Introduction to Generic Methods in C#

When we create a method, class or interface, we usually specify the type of the parameter and its return type.

For Example.

Invoke the above function using

This will display 10 in the message box.

Now pass the string to the showValue function as shown below and you will get the compiler error “Invalid arguments” . That is because showValue function expects an integer and not a string;

To solve the problem what we do is write another overloaded function showValue which takes the string as input as shown below.

And invoke the above using the code

Now both will work fine.

Generic Methods in C#

Using Generics

In the above example, We have duplicated the code MessageBox.Show(val.ToString()) in both the functions. This works correctly, but it is not efficient.  If we want to extend the function to handle double data type, then we need to write one more overloaded function repeating the code again.

The solution is to write the code once, which will handle all the types.  And that is where generics come into the picture.

For Example, the above code written in a generic way

And invoke the function using

Defining the Generic Method

Using Generics in C#
Using Generics in C#

What is  <T>

<T> is just a placeholder for the data type.  It is more like a blueprint for the type.  T is substituted by the actual type at the runtime.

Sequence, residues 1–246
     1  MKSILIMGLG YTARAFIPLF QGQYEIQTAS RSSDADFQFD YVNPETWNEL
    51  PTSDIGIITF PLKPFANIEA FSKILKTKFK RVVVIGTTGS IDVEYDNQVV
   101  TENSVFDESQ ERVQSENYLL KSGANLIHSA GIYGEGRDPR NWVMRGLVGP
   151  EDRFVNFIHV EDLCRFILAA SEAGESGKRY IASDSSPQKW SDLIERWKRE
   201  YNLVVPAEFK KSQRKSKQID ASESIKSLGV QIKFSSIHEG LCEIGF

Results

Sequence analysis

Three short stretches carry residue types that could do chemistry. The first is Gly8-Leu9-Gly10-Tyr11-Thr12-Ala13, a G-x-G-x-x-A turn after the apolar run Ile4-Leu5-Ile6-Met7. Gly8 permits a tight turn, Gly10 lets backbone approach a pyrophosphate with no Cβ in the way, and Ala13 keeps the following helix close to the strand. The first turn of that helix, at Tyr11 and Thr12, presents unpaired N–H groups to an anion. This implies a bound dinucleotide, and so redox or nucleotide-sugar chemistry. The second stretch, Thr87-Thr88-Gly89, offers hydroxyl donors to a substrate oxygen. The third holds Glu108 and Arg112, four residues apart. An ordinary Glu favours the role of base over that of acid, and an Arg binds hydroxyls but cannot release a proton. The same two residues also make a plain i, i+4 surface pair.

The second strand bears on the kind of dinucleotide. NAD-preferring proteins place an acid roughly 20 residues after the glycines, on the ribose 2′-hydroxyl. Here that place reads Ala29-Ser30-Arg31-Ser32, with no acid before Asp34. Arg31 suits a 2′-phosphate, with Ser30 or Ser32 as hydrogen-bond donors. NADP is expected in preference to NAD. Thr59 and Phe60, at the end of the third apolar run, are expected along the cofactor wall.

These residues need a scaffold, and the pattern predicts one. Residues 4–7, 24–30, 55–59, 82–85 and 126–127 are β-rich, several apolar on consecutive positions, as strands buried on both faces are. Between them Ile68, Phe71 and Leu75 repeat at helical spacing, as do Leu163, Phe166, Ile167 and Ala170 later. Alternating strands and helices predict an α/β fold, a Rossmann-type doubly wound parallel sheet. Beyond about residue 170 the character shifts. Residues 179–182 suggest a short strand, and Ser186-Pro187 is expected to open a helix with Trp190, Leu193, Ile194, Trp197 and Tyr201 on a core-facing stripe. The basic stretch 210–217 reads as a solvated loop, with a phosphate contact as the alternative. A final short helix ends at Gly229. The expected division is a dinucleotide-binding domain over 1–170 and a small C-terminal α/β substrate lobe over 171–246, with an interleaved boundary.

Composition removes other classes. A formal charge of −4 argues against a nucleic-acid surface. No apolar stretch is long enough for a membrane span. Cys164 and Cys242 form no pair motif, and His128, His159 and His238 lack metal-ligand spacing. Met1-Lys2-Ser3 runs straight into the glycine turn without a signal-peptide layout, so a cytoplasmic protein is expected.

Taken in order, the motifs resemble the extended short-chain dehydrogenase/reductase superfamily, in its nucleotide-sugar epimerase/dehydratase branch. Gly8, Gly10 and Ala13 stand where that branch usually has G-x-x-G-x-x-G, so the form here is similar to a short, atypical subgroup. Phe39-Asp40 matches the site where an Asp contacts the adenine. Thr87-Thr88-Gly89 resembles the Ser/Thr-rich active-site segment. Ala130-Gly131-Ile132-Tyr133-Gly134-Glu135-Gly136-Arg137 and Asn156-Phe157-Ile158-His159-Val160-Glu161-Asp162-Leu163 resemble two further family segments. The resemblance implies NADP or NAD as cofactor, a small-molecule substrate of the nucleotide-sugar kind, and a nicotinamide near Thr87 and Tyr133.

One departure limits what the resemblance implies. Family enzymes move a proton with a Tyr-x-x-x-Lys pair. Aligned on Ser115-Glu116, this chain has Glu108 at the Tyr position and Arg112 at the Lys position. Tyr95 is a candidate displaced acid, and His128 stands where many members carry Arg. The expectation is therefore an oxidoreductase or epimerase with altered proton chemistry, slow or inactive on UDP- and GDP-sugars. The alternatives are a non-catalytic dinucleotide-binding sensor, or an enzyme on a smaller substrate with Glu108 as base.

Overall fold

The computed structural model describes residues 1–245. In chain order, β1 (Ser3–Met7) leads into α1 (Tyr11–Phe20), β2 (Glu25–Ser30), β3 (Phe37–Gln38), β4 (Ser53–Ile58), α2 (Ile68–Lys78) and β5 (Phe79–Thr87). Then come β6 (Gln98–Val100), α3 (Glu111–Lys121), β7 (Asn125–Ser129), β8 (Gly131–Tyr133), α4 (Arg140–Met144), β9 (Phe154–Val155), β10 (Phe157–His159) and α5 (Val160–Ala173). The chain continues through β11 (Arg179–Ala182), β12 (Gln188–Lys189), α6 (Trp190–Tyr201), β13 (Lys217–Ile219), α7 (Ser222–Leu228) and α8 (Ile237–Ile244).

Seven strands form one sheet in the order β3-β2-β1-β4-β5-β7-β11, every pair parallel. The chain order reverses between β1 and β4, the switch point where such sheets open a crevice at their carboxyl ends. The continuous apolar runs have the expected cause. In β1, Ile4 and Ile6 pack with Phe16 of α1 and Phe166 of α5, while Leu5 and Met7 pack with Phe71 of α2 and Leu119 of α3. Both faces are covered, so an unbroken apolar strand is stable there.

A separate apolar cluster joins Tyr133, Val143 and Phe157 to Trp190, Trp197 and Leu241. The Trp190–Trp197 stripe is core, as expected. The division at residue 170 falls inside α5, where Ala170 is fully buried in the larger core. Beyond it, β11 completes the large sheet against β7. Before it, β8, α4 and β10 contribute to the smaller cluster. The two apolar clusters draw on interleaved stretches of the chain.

Instead of <T> you can use <X> and is perfectly valid

Multiple Parameters

Generic methods can have multiple parameters.

Parameters can be of different types. In the example below the first parameter, val1 is of a generic type, while the second parameter val2 is of type int.

You can have two generic type parameters of the different types as shown below.

Invoked as

Constraints on Parameters

We can specify the restrictions on the types of parameters using the where clause.  A compile-time error is generated when you call your generic method with the wrong types

For Example

Where T:struct

The Value type like int, float, struct, etc. must be used as the parameter

and if invoked as

where T : class

Here reference types like string, class, arrays, etc. must be used as the parameter. Example :

The Constraints for multiple generic types is as follows

Returning a Generic type From a method

We can specify the return type from a generic method as follows

Generic Classes

Like methods, classes can be made to act on generic types.  The concept is very much similar to the method.  In the example below,  we modified the code GenshowValue and moved it into the class.

And  invoked as

Generic Interfaces and delegates

The Interface and delegates can be made to use generic types similar to the class.

Advantageous of Using C# Generics

  • Allows you to write code with a similar logic but can be applied to various data types. This enables you to reuse the code
  • Allows you to write type-safe code as  C# Generics are checked at the compile- time. If you use objects instead of generics, then casting to the correct type needs to be done at runtime.
  • Using objects instead of Generics also has the problem of boxing/unboxing of value types or casting in case of reference types.


C# Generic programming allows us the create highly reusable code. Code that can be reused in many different places and situations.  Generics allow us to create methods, classes, interfaces, and delegates that work with multiple types while still being type-safe.

Further Reading

Introduction to Generics

Source Code

Source Code

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